Cargo

 

 

Just when I was thinking that it was impossible to make a 5 to 10 minute film that had any meaning to it, I see a 7 minute film called Cargo in a screenwriting class I’m taking. It changes the way I see short videos. It has changed many others as it was made. You can read about its incredible history in the Wikipedia article on Cargo. The film Cargo is a 2017 Austrailian post-apocalyptic drama thriller directed by Ben Howling and Yolanda Ramke with a screenplay by Ramke. It is based on their 2013 short film called Cargo you can view above. It premiered at the Adelaide Film Festival on October 6, 2017. It was released to cinemas in Australia on May 17, 2018 and then worldwide on May 18, 2018 by Netflix and on Netflix in Australia on 16 November 2018.

What’s so interesting is that in the above we can see the 7 minute short story that inspired a future film that was distributed worldwide and streams over Netflix. We can view early novels or longer stories in literature. But seldom might are we able to observe the evolution of a film from a short film to a feature film. From basic idea to feature film. With Cargo, this lesson is taught in spades to young filmmakers and communicators out there. They would be wise to spend some time observing this incredible short film story.

For a long time, I’ve been considering making some short films. It is not just the fact that short films offer a way to breaking into feature films. Rather, they are really an art-form in themselves. Especially in our age of smartphones and short attention spans.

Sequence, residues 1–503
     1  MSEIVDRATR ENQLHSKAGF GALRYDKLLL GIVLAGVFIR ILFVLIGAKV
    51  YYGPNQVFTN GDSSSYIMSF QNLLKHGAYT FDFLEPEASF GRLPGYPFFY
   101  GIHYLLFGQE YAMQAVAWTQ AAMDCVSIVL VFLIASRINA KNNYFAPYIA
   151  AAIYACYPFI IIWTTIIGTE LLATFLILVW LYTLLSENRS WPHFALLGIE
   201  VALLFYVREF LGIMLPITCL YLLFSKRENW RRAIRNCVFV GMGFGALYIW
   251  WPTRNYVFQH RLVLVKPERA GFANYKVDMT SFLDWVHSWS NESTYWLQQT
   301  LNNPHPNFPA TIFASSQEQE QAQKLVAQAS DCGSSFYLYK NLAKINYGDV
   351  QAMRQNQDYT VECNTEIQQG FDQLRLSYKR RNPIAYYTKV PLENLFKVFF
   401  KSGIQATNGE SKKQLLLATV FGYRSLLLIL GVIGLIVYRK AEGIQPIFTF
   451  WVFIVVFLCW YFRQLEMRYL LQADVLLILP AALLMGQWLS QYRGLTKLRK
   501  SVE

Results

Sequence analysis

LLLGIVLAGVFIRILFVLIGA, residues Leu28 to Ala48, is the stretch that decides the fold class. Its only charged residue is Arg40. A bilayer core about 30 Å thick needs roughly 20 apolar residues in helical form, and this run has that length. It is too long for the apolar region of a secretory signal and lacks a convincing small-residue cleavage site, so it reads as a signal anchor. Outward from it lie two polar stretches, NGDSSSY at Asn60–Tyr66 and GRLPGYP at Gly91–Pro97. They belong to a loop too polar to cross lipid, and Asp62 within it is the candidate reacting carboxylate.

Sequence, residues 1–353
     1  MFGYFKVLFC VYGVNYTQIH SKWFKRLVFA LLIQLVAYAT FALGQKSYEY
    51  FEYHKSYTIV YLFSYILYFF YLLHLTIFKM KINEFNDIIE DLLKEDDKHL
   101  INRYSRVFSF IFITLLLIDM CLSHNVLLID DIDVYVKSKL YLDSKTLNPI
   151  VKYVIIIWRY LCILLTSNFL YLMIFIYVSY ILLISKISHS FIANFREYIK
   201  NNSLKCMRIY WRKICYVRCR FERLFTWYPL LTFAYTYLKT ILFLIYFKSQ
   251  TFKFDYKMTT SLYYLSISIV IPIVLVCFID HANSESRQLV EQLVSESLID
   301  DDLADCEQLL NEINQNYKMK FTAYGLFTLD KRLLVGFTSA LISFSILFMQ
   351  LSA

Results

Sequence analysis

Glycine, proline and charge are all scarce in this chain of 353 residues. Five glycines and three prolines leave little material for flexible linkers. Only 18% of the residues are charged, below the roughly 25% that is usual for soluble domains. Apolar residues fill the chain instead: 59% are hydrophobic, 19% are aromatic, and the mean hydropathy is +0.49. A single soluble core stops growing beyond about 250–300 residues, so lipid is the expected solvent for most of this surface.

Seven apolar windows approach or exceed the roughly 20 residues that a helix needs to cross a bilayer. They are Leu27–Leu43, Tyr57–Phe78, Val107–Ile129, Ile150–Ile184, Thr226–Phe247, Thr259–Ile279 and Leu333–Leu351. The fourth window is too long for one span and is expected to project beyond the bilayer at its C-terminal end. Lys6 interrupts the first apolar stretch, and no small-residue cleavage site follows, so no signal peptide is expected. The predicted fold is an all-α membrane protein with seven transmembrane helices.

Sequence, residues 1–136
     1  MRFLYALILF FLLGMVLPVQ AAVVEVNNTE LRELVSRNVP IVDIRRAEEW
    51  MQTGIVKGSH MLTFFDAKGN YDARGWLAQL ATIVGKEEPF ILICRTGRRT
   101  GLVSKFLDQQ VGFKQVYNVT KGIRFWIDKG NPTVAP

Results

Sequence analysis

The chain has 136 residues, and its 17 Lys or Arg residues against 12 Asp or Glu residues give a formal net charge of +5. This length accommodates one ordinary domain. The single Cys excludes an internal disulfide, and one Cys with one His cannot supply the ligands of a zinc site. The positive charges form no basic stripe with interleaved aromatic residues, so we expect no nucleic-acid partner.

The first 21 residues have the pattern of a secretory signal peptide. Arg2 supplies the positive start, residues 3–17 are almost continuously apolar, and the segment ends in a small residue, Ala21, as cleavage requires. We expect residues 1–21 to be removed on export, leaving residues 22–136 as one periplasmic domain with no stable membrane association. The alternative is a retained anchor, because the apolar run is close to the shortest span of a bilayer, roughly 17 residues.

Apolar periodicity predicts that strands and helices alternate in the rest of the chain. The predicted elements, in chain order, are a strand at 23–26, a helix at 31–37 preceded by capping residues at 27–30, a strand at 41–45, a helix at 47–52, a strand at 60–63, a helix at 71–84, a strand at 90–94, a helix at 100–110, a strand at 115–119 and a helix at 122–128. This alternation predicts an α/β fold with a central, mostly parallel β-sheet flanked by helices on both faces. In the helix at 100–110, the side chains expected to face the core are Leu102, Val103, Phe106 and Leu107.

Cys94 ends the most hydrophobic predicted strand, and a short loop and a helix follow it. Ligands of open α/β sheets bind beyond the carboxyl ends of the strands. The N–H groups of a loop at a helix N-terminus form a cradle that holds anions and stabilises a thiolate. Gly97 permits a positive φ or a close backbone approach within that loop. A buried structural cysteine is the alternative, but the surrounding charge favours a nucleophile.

Occurrence at Owl Creek Bridge

Like some of the great short stories of all time, such as Ambrose Bierce’s “Occurrence at Owl Creek Bridge,” or some of Edgar Allan Poes’ select few, the short story doesn’t go through all of the emotions associated with the standard three acts of a two-hour screenplay or film. Rather, just like the best short stories in literature, or the best “short story” poems, there is an attempt to capture just one emotion rather than a range of emotions. But then, great projects are born from that one emotion.

One of the beautiful things about the short film Cargo is that there is no dialogue. Here, we are transported back to the era of silent films in a certain sense. The viewer, audience is asked to translate more from images since there are no words to do this translation for them. In other words, the filmmaker does not treat the audience as a bunch of imbeciles but as intelligent people. The filmmaker asks them to assemble pieces of this developing story in their minds. In assemblage that takes place without any words in the short film.

Most important, it seems to me, is that it shows the critical moments in the transformation of one family in zombies. The wife has become a zombie. The husband has been bitten by her but has not yet become a zombie. The husband gets their baby out of their car which has apparently crashed somewhere. Just the silence of images. As well as light music in the background.

* * *

This short film should be a type of banner for the genre of short films. Always, if they are the great short films, there is the seed of the entire idea expressed in a short emotion scene. In effect, it is the scene that has inspired the creation of the story you have tried to tell in short forms. It is the style that the above film demonstrates in a particular brillance. The story assumes a modern, sophisticated viewing audience on all types of screens. A key to the entire enterprise – it seems to me – is the degree that the viewer/audience is asked to/allowed to participate in the creation of the overall story. In a short story, the viewers should be allowed much freedom to suggest ideas and scenarios of the story.

Perhaps, that’s the true nature of the short story?

Always, capturing a powerful human emotion in it’s short story form.

An emotion as the inspiration for a feature film.

There should be a powerful and true emotional moment inspiring a film or longer form of story.

(Thanks to Jarod the screenwriter presenter tonight and thanks to Michelle at Midwest Photo for putting this whole series of Video Production together and also the film group MOFA.)

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